Experiential wisdom that comes from meditation practice confirms that we alone are solely responsible for who and what we are. We cannot escape this law of nature. This understanding strengthens our desire to practice and serve Dhamma. It has a strong driving power that supports us in the dark moments of meditation or at times when we are tired and the mundane world seems to be winning us over.
As plants from sprouted seeds eventually bear more such seeds in future, in our daily lives momentary thoughts, words, and deeds sooner or later give their results accordingly. That future might be bright or dark. If in the present we make right efforts toward wholesomeness, awareness, and equanimity, the future becomes brighter. If through ignorance we react with craving and aversion, the future will be fraught with darkness.
The teachings of the Buddha show us how to develop the awareness of anicca and the habit pattern of equanimity in the face of both pleasant and unpleasant sensations. Knowing that this and only this is what dissolves the old habit patterns that make life so hard for us and for those around us is a supreme wisdom. This is what draws us out of misery and towards nibbāna. This is why we practice. If in the present we are watchful, prudent and diligent, we can bring to our futures a profound change for the better.
During the final discourse given in all long Vipassana courses, Goenkaji elaborates on the following exhortation of the Buddha. This article, excerpted from that discourse, was published in the June 1995 Vipassana Newsletter.
sattā kammadāyādā kammayonī kammabandhū kammapaṭisaraṇā.
yaṃ kammaṃ karonti—kalyāṇaṃ vā pāpakaṃ vā—tassa dāyādā bhāvanti.
beings are the owners of their deeds,
the heirs of their deeds,
born of their deeds,
kin to their deeds;
their deeds are their refuge.
Whatever actions they perform,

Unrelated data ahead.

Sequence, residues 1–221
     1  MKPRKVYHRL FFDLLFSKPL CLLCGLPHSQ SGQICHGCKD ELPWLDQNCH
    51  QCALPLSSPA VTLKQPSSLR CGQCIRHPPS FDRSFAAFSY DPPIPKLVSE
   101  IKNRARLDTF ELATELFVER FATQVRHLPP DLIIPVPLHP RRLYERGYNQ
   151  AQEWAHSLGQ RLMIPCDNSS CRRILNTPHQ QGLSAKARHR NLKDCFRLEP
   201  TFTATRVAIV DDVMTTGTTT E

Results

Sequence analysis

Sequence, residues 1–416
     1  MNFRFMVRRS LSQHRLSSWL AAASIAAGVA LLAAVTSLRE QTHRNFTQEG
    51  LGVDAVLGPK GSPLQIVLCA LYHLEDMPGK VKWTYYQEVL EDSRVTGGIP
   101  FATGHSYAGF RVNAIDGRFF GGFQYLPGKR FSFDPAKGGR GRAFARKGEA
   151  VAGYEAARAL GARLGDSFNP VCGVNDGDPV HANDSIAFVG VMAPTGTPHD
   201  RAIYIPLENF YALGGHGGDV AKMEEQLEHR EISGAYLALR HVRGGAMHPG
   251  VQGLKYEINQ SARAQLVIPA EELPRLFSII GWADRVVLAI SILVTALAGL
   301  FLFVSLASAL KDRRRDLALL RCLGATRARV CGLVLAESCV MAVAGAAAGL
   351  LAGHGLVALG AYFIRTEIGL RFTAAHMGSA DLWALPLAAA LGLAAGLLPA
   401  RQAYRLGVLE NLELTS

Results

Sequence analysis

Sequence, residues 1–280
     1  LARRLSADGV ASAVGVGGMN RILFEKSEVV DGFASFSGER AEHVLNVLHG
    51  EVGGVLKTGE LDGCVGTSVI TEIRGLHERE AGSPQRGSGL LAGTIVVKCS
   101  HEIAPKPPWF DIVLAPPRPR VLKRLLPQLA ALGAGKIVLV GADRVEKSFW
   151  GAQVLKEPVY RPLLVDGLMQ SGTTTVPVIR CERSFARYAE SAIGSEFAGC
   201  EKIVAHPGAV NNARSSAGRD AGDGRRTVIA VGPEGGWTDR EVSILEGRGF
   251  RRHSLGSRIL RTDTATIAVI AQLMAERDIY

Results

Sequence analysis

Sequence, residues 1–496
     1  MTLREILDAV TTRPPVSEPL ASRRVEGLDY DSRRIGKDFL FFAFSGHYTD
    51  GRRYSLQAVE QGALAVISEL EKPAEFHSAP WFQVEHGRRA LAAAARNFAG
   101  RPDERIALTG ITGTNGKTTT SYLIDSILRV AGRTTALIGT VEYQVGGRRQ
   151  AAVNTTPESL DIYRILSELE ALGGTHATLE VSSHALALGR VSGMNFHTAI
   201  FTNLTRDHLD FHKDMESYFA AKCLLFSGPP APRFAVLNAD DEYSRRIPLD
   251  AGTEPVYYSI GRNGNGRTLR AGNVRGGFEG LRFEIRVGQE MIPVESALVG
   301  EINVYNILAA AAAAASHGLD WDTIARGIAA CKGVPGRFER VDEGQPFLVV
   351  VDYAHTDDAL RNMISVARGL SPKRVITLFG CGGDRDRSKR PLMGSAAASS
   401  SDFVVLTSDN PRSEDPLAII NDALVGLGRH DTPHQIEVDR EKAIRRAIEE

whether good or evil,
such will be their inheritance.
—Aṅguttara Nikāya 10.216
Kammassakā: O meditators, beings are the owners of their deeds.
The law of paṭicca samuppāda (dependent origination) is the universal law of cause and effect: As the action is, so the result will be. Mental volition is the driving force for action, vocal or physical. If this driving force is unwholesome, the vocal and physical actions will be unwholesome; if the seeds are unwholesome, then the fruits are bound to be unwholesome. But if this driving force is wholesome, then the results of the actions are bound to be wholesome. For a Vipassana student who develops the ability to observe this law at the level of direct experience, the answer to the question “Who am I?” becomes clear. You are nothing but the sum total of your kamma, your saṅkhāras. All your accumulated actions together equal “I” at the conventional level.
Kamma dāyādā: heirs of their deeds.
In the worldly, conventional sense one says, “I received this inheritance from my mother or my father or my elders,” and yes, at the apparent level this is true. But what is one’s real inheritance? Kamma dāyādā. One inherits one’s own kamma, the results, the fruits of one’s own kamma. Whatever you are now, the present reality of this mind-matter structure is nothing but the result, the sum total, of your own accumulated past kamma. The experience of the present moment is the sum total of all that is acquired, inherited—kamma dāyādā.
Kammayonī: born of their deeds.